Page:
According to investigators in a report published in the October 2003 issue of the American Journal of Gastroenterology, a diagnosis of gastroesophageal reflux disease (GERD) should be considered in patients with significant belching. The study retrospectively examined the prevalence, frequency, and severity of belching and other GERD symptoms in patients with GERD (n = 180) and in patients with dyspepsia (n = 78). The patients represented a random sampling of patients referred to the Stanford University Gastroenterology Clinic from 1995 to 2001 who underwent evaluation by manometry, pH monitoring, and endoscopy.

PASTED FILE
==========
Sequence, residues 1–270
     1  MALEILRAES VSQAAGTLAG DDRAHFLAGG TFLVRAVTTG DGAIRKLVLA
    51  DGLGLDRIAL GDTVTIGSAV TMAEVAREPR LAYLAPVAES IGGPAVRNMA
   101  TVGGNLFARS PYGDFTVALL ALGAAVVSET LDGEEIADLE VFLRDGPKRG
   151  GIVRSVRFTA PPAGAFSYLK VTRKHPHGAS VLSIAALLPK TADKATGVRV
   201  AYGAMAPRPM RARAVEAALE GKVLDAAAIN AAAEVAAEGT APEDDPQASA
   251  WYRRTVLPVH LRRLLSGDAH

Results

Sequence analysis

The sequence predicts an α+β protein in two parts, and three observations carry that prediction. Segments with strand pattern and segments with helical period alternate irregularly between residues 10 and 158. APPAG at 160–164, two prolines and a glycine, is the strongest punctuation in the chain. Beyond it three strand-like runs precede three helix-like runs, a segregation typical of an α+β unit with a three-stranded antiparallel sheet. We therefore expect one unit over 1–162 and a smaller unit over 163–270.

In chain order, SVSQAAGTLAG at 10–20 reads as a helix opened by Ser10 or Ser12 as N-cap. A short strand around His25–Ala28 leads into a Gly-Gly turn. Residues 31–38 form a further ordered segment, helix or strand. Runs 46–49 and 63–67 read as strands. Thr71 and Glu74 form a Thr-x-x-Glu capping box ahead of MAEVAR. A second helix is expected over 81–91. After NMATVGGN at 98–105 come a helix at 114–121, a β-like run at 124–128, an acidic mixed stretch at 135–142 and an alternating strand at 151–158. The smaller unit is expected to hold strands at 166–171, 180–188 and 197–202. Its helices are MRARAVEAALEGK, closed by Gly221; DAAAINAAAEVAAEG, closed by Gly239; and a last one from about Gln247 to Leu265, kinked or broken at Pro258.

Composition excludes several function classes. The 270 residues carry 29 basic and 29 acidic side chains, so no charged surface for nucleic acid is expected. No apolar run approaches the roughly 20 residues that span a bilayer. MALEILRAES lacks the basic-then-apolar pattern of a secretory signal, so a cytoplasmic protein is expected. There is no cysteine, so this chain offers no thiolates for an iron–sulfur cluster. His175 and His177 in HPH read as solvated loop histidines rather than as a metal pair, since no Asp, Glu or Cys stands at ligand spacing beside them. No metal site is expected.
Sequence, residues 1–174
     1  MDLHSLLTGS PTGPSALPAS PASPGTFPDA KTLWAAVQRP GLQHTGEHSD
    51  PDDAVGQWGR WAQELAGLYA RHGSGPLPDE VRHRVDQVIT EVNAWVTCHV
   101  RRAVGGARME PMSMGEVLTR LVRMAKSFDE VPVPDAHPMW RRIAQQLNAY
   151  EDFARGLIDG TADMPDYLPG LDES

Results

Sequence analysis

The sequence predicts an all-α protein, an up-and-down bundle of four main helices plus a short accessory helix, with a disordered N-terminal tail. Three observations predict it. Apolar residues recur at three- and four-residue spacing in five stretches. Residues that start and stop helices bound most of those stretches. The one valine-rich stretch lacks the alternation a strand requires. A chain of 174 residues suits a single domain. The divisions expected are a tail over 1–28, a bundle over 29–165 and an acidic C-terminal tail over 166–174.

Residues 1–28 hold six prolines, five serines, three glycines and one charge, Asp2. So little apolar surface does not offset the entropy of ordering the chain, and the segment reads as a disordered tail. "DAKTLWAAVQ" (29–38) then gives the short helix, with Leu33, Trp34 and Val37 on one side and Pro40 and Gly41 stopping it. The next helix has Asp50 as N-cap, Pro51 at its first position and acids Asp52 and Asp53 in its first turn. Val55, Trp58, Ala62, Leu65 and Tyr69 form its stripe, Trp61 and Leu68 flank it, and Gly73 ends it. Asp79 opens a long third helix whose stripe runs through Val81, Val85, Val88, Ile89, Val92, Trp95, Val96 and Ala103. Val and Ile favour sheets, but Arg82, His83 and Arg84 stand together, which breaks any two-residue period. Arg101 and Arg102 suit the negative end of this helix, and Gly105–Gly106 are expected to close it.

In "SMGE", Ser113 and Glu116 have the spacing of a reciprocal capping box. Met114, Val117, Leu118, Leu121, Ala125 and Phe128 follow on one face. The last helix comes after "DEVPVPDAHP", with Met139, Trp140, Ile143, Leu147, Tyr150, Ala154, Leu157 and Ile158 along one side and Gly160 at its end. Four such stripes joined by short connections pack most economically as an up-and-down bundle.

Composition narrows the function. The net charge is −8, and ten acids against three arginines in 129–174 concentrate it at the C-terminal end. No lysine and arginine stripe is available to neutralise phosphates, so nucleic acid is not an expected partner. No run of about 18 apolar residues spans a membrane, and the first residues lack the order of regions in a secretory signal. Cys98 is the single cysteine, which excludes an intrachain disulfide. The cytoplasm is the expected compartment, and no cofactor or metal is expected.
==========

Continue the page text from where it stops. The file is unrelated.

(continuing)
Researchers found that the prevalence and severity of belching alone were not significantly different between the 2 groups.There was, however, a significantly higher correlation of both heartburn and belching associated with acid events in the GERD group. Moreover, the initiation of proton pump inhibitor (PPI) therapy did not improve belching scores in patients with dyspepsia, whereas it did significantly improve belching and heartburn among GERD patients. Therefore, the researchers conclude that ambulatory pH monitoring should be considered to clarify the relationship of belching to acid reflux in patients with GERD or dyspepsia.
One study linked multiple pregnancies to an increased risk of developing atrial fibrillation later in life, and another investigated the association between premature delivery and cardiovascular disease.
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